News / Asia

Pakistan Finds 'Gross-Incompetence' in Bin Laden Case

This May 2, 2011 file photo shows Osama bin Laden's compound in Abbottabad, Pakistan shortly after the raid that killed the al-Qaida leader.
This May 2, 2011 file photo shows Osama bin Laden's compound in Abbottabad, Pakistan shortly after the raid that killed the al-Qaida leader.
Ayaz Gul
— In Pakistan, a government-formed commission’s report has blamed “gross incompetence and negligence” at practically all levels of national security system for failing to detect the presence of Osama bin Laden in the country for years and the covert US raid that eliminated the al-Qaida leader on May 2, 2011.  
 
The so-called Abbottabad Commission was set up shortly after U.S. special forces raided Osama Bin Laden’s hideout deep inside Pakistan.

The four-member commission, headed by a former Supreme Court justice, was assigned to determine circumstances leading to the unilateral US raid and the presence of the world’s most wanted man in the garrison town of Abbottabad for years without being detected.  

While the Pakistani government has yet to officially publish findings of the long awaited report, it was leaked to local and foreign news networks late on Monday.

The head of the commission, Javed Iqbal, told local TV channels on Tuesday the report was submitted to the government in January so it could be shared with the public. He dismissed criticism for taking 18 months to complete the inquiry, saying they recorded testimony of more than 200 witnesses  and sources including members of Bin Laden’s family, as well as top military and civilian officials.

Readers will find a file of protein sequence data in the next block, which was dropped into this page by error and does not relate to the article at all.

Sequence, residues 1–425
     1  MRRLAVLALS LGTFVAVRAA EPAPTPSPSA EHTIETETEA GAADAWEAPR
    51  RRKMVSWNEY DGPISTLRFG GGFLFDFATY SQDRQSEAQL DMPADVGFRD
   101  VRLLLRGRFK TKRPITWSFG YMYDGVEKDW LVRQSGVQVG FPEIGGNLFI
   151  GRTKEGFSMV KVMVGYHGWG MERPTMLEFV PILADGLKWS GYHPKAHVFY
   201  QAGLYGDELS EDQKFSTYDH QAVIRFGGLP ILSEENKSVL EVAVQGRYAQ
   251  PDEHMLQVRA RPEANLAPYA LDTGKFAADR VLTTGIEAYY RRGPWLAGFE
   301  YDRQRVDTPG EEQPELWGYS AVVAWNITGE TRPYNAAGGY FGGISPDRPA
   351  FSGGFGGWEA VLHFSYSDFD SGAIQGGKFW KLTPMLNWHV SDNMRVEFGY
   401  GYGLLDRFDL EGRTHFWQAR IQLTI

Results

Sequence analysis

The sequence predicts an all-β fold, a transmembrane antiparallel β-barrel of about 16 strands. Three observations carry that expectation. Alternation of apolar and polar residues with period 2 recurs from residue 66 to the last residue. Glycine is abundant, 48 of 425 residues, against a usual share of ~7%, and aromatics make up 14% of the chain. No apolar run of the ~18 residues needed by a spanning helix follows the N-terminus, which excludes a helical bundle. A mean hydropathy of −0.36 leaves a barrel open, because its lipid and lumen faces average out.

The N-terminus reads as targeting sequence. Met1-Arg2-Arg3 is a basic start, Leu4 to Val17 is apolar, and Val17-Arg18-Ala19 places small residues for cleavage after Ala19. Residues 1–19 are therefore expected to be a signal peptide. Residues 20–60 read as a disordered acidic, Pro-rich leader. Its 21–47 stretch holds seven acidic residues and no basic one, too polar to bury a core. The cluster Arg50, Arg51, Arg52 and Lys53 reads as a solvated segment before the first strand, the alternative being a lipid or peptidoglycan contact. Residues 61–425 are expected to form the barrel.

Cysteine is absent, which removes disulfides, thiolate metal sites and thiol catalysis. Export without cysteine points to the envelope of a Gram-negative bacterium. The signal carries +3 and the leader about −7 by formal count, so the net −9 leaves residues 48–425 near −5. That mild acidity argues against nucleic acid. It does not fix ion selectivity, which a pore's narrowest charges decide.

He says his team also had to closely examine translations of “7,000 documents and a 350-page diary, both written in Arabic” to complete the job. Pakistani authorities had seized the material from Bin Laden’s residence in Abbottabad soon after his killing in the American operation.

The 336-page report offers details about life on the run for the al-Qaida leader and evidence of “gross incompetence” at all levels within Pakistani civil and military institutions for failing to detect Bin Laden’s presence in the country.

Mushahid Hussain, who heads Defense Affairs Committee of the Pakistani Senate, says the findings are disturbing.

“Because the report reveals that not only did the intelligence fail to focus on this high-profile person (OBL) in Pakistan territory for a number of years, but also the fact that just before the operation of 2nd of May by the US army there was a CIA station (in Abbottabad), which was also monitoring Bin Laden’s activity, and even that CIA station was off the radar screen from our security system. So I think there was a double jeopardy involved as far as intelligence is concerned,” Hussain said.

Senator Hussain says the commission’s report must lead to an inquiry and internal reforms in Pakistan's security services to prevent future embarrassments.

“Because now the primary focus should not be any blame game or finger pointing. That is not the answer. The answer is to ensure that what has happened does not recur,” he added.

The Bin Laden raid was seen as a major embarrassment for the powerful Pakistani military, and especially for its spy agency, the ISI, which is often accused of having close ties to Afghan Taliban insurgents and al-Qaida militants. But the commission’s report did not conclude that the ISI or any another state security agency was involved in sheltering Bin Laden.

There has long been speculation that al-Qaida’s current chief Ayman al-Zawahiri is also hiding in Pakistan, and Afghan officials repeatedly allege that fugitive Taliban chief Mullah Omar and his deputies are also living in Pakistan with the support of the ISI -- something Pakistani authorities deny.

The unilateral American raid that killed Bin Laden strained ties between Islamabad and Washington. US officials maintain they did not inform Pakistan because of fears the al-Qaida leader would be tipped off.

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